Prerequisites

Prerequisite: Open to junior BFAAE students only or permission of instructor.

Class Number

1007

Credits

3

Department

Art Education

Area of Study

Art/Design and Politics, Community & Social Engagement, Teaching

Location

MacLean 816, Sharp 706

Description

What egalitarian ideals have shaped our conception of public education? How has the promise of democratic schools been undermined by white privilege, racism, class-based discrimination, inequitable funding, colonialism, patriarchy, and disregard for the human impact on the natural world? This course builds a foundation for understanding the politics of schooling by exploring the struggle for democratic education in Chicago, contextualized by contemporary global decolonial practices in education. Students will consider how shifting conceptions of schooling are responses to the contemporary cultural moment—recognizing how curriculum supports the beliefs and needs of the status quo as well as how curriculum might critique and propose new ways of being as individuals and as societies. The course explores a broad range of histories, philosophies, and approaches to schooling, including Freedom Schools, Native American boarding schools, transformative justice in education, play and free child movements, teacher-led movements, environmental studies, and the fight to defend ethnic studies programs as well as attempts to re-segregate and privatize public schools. Artists, designers and scholars to be studied include Tonika Lewis, Eve Ewing, Elizabeth Todd-Breland, Jose Resendiz, Borderless Studios, Interference Archive and Alexis Rockman. Readings from the field of art education by Doug Blandy, Laurie Hicks, and Mark Graham will trace the emergence of eco-art and place-based art education curriculum. Field trips include visits to school sites, Chicago Board of Education meetings and exploration of CBOE archives. Course assignments include short response papers and course readings. Students conduct and report on six hours of observations in schools, sites of school decision-making, and in places where people attempt to build democratic processes related to schools. Students will conduct independent research on topics related to contemporary issues and schooling. Each student will prepare and present a culminating project proposal for a school whose curriculum and structures address their political and social concerns and pedagogical vision.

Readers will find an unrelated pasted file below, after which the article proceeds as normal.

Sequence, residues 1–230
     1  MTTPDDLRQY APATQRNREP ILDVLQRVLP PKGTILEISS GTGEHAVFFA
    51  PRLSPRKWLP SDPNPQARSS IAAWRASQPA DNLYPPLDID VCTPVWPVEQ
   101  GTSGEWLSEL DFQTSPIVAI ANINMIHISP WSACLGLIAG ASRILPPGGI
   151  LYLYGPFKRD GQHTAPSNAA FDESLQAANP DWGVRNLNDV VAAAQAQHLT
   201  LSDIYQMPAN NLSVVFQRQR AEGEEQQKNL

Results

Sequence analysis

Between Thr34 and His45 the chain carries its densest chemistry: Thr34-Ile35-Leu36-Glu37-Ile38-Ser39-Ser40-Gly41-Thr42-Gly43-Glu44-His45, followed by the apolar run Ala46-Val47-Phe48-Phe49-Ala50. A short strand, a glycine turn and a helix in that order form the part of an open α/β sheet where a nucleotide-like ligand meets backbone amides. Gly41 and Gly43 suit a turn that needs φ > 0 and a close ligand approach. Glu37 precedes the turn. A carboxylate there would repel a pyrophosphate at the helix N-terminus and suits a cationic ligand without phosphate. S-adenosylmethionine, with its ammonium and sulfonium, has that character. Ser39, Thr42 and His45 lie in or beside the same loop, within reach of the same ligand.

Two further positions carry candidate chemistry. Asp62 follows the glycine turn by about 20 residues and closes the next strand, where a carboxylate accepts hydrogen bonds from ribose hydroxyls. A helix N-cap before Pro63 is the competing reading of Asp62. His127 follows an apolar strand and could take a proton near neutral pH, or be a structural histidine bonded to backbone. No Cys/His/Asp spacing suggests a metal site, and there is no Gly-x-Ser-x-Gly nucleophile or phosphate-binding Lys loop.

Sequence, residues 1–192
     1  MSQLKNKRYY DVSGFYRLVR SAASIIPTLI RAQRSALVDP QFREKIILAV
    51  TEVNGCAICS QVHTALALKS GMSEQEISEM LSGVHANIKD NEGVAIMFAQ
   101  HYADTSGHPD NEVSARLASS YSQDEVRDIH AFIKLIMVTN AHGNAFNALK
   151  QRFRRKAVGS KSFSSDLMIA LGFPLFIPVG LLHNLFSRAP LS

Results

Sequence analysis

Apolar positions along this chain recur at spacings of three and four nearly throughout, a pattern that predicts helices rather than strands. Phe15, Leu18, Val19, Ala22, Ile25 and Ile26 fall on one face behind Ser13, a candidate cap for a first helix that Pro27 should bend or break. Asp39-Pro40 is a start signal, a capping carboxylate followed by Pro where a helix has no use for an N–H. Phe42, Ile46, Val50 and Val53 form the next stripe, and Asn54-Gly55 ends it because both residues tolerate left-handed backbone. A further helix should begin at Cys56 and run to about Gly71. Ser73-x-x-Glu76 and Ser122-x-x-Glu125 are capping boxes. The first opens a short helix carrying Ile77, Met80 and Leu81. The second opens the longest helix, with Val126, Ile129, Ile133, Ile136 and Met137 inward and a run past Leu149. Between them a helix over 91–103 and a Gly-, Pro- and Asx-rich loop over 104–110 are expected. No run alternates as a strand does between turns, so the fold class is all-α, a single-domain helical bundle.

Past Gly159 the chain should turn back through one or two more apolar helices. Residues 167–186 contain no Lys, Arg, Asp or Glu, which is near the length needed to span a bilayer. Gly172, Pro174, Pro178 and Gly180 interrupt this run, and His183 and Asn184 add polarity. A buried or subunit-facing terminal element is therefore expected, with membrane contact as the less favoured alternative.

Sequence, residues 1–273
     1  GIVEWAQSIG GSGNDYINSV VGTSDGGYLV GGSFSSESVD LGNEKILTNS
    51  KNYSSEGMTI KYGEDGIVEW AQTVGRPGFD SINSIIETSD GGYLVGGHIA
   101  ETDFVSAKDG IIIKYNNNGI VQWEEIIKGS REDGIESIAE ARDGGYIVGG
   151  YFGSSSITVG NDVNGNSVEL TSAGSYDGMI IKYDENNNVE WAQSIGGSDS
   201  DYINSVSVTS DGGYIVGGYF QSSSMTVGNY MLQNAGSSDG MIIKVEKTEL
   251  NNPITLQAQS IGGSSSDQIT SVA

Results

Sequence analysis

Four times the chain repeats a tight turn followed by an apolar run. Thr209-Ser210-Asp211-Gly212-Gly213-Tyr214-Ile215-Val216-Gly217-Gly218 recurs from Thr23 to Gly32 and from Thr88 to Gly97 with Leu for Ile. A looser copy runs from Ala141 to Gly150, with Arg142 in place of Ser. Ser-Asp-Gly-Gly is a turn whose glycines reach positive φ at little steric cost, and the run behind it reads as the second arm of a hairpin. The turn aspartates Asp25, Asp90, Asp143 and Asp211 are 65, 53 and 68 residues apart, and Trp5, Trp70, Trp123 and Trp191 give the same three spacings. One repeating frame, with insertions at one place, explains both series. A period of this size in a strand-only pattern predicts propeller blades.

Prerequisites

Prerequisite: Open to junior BFAAE students only or permission of instructor.

Class Number

1007

Credits

3

Department

Art Education

Area of Study

Art/Design and Politics, Community & Social Engagement, Teaching

Location

MacLean 816, Sharp 706

Description

Relating contemporary and traditional artmaking approaches and culturally responsive pedagogy with curriculum, project, and instructional design methods, this course provides prospective teachers and teaching artists with knowledge and skills needed to structure learning experiences through which children and youth in elementary schools, middle schools and community settings enhance their creativity, develop technical skills, understand a range of artmaking practices, make personally meaningful works, and explore big ideas. Course participants will structure teaching plans that identify students’ prior knowledge, scaffold learning, use multiple teaching and learning strategies to promote student engagement and differentiate instruction to meet the needs of all students. They will learn to articulate clear and verifiable core learning objectives, select relevant national and state standards and design assessments that capture essential student learning without standardizing students’ artworks. Teacher reflection based on critique, student input and assessment data will be used in an iterative process of editing and redesigning curriculum. Connecting visual and verbal literacies, prospective teachers will make use of reading, writing and speaking activities that engage students in interpreting art and analyzing visual culture as well as using picture books as a source of inspiration for their personal storytelling and artmaking. Teachers will learn to select and/or develop reading level-appropriate art and culture readings to support learning. Studying a range of art education practices will provide teacher candidates with theoretical perspectives from which to build their own unique pedagogical approaches. Readings include works by Maria Montessori, Viktor Lowenfeld, Anne Thulson, Lisa Delpit, Vivian Paley, and Sonia Nieto as well as overviews of Reggio Emelia, Teaching for Social Justice, Teaching for Artistic Behavior, Studio Habits, Visual Thinking Strategies and Principles of Possibility Course assignments will include readings and discussion responses and researching artists, artmaking approaches and pedagogical practices as well as writing project and lesson plans accompanied by teacher artwork examples, image presentations, readings, assessments, and other instructional materials, as well as documenting plans and student artworks. Participants will teach small groups of students in elementary schools with English Language Learners. All student must complete and pass Chicago Public Schools Background Check.